The Centers for Disease Control and Prevention defines breast cancer as “a disease in which cells in the breast grow out of control.”
Understanding the Breast
To understand the types of cancer, it first helps to know how the breast is constructed. The breast has three main parts:
- Lobules: The glands that produce milk.
- Ducts: the tubes that carry milk to the nipple.
- Connective tissue: Consisting of fibrous and fatty tissue, it surrounds and holds everything together.
Most of the time, the CDC says, breast cancers begin in the ducts or lobules.
Common Types of Breast Cancer
The two most common forms of breast cancer according to the CDC are invasive ductal carcinoma and invasive lobular carcinoma.
With invasive ductal carcinoma, the cancer cells show up in the ducts and spread to other parts of the breast tissue. Sometimes the cancer cells spread to other parts of the body. In invasive lobular carcinoma, cancer cells first appear in the lobules and spread to nearby breast tissues or other parts of the body.
When the cancer cells spread to other parts of the body, it is called metastatic breast cancer, also known as a stage IV breast cancer.
Uncommon Types of Breast Cancer
Some less frequently occurring types of breast cancer are:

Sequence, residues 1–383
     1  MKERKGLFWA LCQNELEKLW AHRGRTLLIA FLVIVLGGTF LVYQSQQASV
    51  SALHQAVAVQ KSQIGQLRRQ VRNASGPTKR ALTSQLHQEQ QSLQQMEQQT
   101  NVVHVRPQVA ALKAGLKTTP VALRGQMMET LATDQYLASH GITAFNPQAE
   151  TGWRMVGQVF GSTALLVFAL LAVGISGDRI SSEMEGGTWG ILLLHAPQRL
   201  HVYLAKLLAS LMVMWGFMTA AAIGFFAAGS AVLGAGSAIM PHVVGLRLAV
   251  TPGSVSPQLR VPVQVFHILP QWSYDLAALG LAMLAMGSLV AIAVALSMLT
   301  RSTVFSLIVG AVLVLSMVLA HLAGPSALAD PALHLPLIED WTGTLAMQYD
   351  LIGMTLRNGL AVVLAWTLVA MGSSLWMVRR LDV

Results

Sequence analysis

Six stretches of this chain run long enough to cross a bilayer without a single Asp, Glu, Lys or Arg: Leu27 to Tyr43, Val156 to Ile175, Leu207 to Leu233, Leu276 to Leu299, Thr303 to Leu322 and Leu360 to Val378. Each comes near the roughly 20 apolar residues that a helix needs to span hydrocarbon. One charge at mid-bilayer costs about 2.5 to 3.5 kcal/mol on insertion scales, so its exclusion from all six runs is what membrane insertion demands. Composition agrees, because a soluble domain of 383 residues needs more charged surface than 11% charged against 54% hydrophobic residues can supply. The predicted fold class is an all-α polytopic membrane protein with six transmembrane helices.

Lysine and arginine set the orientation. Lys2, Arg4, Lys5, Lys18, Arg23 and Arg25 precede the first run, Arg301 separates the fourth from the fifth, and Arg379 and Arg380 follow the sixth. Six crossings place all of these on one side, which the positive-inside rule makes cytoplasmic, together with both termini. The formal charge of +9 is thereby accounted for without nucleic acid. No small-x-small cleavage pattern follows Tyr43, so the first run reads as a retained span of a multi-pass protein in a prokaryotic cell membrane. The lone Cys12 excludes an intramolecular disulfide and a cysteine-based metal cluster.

- Paget’s disease: Cancer cells appear first in the nipple or the areola, the darker circle around the nipple. People who have this usually also have additional tumors in the same breast. The National Cancer Institute reports that only about 1 to 4% of all breast cancer cases involve Paget’s disease.
- Medullary: This cancer starts in the milk ducts and then spreads to the surrounding breast tissue. It behaves differently than other forms of ductal breast cancer. According to Medical News Today, it represents only 3-5% of all breast cancer diagnoses. The tumors tend to grow slowly and don’t usually spread to the lymph nodes.
- Mucinous: Also known as colloid breast cancer, it begins in the milk ducts and spreads to tissues around the duct. The tumors typically have more than usual amounts of mucous. These tumor cells are less aggressive than other forms of ductal cancer and are more responsive to treatment. John Hopkins Medicine reports that it occurs in only 2% of all breast cancers.
- Inflammatory breast cancer: This form of cancer is highly aggressive. It occurs when cancer cells block lymph vessels and often cause the breast to be swollen, inflamed or red. This form of cancer is fast-moving, often spreading in a matter of weeks or months. While it accounts for only 1 to 5% of breast cancer cases, according to The Cancer Institute, it is more likely to be diagnosed at younger ages and in Black women.
- Angiosarcoma: Angiosarcoma starts in the cells around either the lymph vessels or the blood vessels. The American Cancer Society says that sarcomas of the breast occur in less than 1% of all breast cancers and are sometimes related to prior radiation treatments.
- Triple-negative breast cancer: This is an aggressive, invasive type of breast cancer. The cancer cells lack estrogen and progesterone receptors and either don’t make any of the proteins called HER2 or make very few. The American Cancer Society said this represents 15% of all breast cancers and is difficult to treat.